Philosophers' Café creator reflects on the past 20 years

Yosef Wosk. Photo by Greg Ehlers.

“A Café conversation is an oasis in time and space, an opportunity to carve out face-to-face, genuine, human interaction.”

Back in 1998, Yosef Wosk envisioned a community where people would feel empowered to express their opinions, connect with their neighbourhood and learn from those around them—the result was SFU’s Philosophers’ Café. Now, 20 years later, we celebrate the legacy of SFU’s Philosophers’ Café and reflect with Yosef.

How did SFU’s Philosophers’ Café start?

At first, I developed a program called City Conversations in which experts from respective fields would give a presentation and then audience members could ask questions. I remember after one of them I felt like there was something missing. There was something almost artificial or too controlled. I wanted more vibrancy and authenticity...We decided to move out of the institutional setting, out of the building and into the community. We approached it as street-level philosophy.

Where did the name Philosophers’ Café come from?

Philosophy is from the Greek words, phileo, meaning love, and sophia, meaning knowledge or wisdom. Everyone has a curiosity or a love of something. The idea was to respectfully stimulate people to get involved in meaningful conversation. The setting of a café came because it allowed for an engaging, open, people-centered, non-institutional and casual venue. It implied a safe space where one could be nurtured by food and drink, friendship along with conversation, and that became part of the social model. In the beginning, there were people who thought that they may not fit in because they had not studied philosophy, but most people came to understand through the invitation and the reputation that it was more of a casual though focused experience.

What did you hope Café participants would gain from the experience?

I felt it was multi-dimensional. There was an intellectual component as well as emotional, social, physical and at times even spiritual connections. The physical aspect was that you’re actually going out some place in your neighbourhood, meeting other people, and being nourished. You are being intellectually stimulated by taking part in a conversation where you’re learning from others on a level playing field and where you listen as much, or more, than you speak. It’s also emotional because you’re expressing yourself about something you’re passionate about. [We wanted to] empower people to express themselves and realize that they can have their opinions while still respecting others. You don’t have to take a back seat to the experts; everyone’s voice is important. Many of the conversations continued in our heads afterward. There are many Cafés where ideas or expressions have stayed with me for years.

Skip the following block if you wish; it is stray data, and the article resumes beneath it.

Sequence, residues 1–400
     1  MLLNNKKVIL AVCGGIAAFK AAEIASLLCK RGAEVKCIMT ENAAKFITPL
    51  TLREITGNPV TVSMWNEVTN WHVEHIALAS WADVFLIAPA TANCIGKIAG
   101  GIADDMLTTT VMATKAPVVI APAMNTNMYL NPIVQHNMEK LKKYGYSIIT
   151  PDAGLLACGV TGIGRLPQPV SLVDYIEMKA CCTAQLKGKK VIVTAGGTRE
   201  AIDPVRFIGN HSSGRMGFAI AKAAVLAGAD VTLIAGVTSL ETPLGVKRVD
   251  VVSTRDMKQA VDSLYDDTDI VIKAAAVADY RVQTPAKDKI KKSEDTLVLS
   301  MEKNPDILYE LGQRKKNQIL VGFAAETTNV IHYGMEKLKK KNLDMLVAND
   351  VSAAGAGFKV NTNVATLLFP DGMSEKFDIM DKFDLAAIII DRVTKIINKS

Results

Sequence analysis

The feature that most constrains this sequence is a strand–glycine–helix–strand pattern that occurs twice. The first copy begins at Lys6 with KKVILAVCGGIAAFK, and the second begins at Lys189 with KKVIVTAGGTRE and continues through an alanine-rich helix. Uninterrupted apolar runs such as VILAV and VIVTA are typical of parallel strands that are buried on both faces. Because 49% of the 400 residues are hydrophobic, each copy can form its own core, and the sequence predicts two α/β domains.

Where do you see Philosophers’ Café in the next 20 years?

I think this type of gathering will continue to serve as some kind of corrective to technology…and to the exponential speed and amount of information we face. I trust that there will always be this human element of giving technology a rest and encouraging direct encounters. A Café conversation is an oasis in time and space, an opportunity to carve out face-to-face, genuine, human interaction.

What has been the most rewarding aspect for you?

I think facilitating conversation and establishing the vehicle for that to happen… There was a lot of trust in putting this together: Trust in the other person because you wouldn’t know who was going to show up, what they were going to bring and how people were going to express themselves. And trust in the community that there’s wisdom and there are good people out there.

“A Café conversation is an oasis in time and space, an opportunity to carve out face-to-face, genuine, human interaction.”

Photo by Greg Ehlers.